Jan 1, 2015

The Hidden Secrets of Northern Hokkaido & Sapporo

The Most Famous Dish From Northern Hokkaido

A visit to the northern regions of Hokkaido would be imcomplete without tasting this unique dish.


Jin-gisu-kan (also known as Genghis Khan Nabe) is especially popular in North Hokkaido. Served in a cast iron skillet or pan, this is a one-dish meal that includes thin slices of marinated mutton, assorted vegetables and beancurd, as well as udon.

Origins of Genghis Khan Nabe

There are several theories as to how this dish got its name. Some people believe the name stems from being a favourite of the great Mongol Emperor, while others reckon it could be because the myth of Japanese and Mongolians share a similar ancestry.

The truth is, the dish only gained traction after the First World War when the Japanese government set up initiatives to increase the production of wool. The people from the northern countryside were encouraged to rear more sheep to support these initiatives. From there, the residents of Hokkaido began eating the meat of the sheep after shearing their wool.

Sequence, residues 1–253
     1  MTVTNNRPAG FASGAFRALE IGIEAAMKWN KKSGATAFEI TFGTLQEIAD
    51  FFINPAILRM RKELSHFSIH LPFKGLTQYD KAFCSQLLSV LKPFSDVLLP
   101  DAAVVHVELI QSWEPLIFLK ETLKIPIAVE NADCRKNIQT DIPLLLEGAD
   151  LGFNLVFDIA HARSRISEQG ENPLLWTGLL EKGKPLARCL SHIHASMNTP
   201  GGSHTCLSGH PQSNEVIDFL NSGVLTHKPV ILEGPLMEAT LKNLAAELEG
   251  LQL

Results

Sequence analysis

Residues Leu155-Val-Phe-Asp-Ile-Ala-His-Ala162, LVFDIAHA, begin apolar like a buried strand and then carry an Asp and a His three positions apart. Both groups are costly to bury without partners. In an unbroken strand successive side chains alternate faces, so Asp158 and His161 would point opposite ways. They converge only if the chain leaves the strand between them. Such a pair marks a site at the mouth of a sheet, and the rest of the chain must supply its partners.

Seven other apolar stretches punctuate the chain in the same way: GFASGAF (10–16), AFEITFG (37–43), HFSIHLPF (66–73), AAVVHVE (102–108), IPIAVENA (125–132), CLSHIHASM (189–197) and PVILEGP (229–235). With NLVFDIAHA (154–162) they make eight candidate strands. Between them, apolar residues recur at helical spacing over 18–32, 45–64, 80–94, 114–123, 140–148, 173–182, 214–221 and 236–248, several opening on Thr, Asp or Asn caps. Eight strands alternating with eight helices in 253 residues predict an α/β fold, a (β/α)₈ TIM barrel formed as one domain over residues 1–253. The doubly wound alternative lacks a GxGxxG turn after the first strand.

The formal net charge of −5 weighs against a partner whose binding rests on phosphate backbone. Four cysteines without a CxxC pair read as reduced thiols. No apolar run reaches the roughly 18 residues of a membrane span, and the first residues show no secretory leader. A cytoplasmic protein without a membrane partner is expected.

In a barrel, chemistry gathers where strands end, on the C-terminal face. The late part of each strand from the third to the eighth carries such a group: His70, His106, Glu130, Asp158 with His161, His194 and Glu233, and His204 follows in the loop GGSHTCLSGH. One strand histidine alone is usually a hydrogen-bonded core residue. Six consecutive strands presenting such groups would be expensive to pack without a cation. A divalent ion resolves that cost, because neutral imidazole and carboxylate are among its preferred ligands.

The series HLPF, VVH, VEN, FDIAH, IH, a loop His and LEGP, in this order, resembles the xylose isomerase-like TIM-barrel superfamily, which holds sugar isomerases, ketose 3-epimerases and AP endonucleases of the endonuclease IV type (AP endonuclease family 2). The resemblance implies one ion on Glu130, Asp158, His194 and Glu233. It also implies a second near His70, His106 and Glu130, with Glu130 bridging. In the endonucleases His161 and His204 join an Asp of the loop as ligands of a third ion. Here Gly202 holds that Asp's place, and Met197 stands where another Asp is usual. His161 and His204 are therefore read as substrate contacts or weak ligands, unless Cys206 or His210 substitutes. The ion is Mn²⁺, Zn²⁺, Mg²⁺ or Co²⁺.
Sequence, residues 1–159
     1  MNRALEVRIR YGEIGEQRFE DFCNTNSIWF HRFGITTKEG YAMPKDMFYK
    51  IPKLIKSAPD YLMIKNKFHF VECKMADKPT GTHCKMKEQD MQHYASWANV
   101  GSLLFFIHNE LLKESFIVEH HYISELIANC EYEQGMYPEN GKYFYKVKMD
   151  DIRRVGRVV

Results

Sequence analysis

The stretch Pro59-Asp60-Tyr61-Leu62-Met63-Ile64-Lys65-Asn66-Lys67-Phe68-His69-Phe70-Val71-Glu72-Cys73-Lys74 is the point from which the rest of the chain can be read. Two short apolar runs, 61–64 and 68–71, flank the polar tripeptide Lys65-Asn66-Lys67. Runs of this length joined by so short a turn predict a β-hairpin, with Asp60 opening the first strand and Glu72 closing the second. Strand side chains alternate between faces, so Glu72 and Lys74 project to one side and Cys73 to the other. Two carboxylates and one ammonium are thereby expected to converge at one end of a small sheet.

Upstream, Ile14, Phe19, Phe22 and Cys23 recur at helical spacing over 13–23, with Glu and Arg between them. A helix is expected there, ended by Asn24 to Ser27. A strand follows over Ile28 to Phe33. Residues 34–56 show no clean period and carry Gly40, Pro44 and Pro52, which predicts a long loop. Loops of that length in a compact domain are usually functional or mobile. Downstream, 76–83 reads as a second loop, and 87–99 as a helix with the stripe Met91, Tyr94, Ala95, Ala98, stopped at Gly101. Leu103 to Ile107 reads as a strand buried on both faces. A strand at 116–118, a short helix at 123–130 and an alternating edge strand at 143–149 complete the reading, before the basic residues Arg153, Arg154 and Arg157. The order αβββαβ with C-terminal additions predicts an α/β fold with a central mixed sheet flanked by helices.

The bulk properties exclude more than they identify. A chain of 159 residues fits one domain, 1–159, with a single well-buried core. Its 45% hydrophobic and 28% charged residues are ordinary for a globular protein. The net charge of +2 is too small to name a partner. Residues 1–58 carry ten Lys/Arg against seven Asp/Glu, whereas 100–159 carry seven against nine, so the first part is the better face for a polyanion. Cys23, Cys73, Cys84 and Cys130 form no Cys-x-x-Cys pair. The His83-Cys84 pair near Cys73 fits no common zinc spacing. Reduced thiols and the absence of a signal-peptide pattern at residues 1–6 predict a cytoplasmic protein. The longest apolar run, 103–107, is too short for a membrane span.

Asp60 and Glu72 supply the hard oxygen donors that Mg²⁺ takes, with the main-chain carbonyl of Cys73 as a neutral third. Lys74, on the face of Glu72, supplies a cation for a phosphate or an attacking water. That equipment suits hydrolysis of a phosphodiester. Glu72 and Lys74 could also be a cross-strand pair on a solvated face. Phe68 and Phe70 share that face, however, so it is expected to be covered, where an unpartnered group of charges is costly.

There are many different recipes for the marinade, but the recipe often used by the 746 Genghis Khan Troupe (mentioned later) is a tantalising blend of soy sauce, smashed onions, carrots, apples, honey, ginger, and a particular type of Korean spicy sauce. The style of cooking employed by the people in Nayoro differs slightly from their Sapporo counterparts. In Sapporo, people usually barbeque the meat whereas in Nayoro, the meat is stewed together with the ingredients and marinade, creating a more soup-like dish.

746 Genghis Khan Troupe

The 746 Genghis Khan Troupe is a group of Nayoro locals who banded together to create a more vibrant scene for their city. (746 is pronounced Na-Yo-Ro in Japanese). After winning an award for their recipe, the group decided to step up their efforts in promoting Nayoro City. Genghis Khan Nabe is now recognised as a Heritage Dish by the Hokkaido government and the group regularly travels around Japan to promote the dish. They are currently expanding their repertoire by selling pre-packaged marinated meats.

So how does it taste?

Full-bodied, rustic, and hearty; it’s easy to see why this is a popular dish in the wintry north. While mutton may not be everyone’s favourite meat, this dish doesn’t have a strong gamey flavour, probably because the meat is so thinly sliced. On particularly cold nights, a steaming hot bowl of Jin-gisu-kan stew hits the spot.


>>Read more about Northern Hokkaido & Sapporo Food

>>Read more about Northern Hokkaido & Sapporo Sightseeing

>>Read more about Northern Hokkaido & Sapporo Experience

>>Read more about Northern Hokkaido & Sapporo Souvenirs

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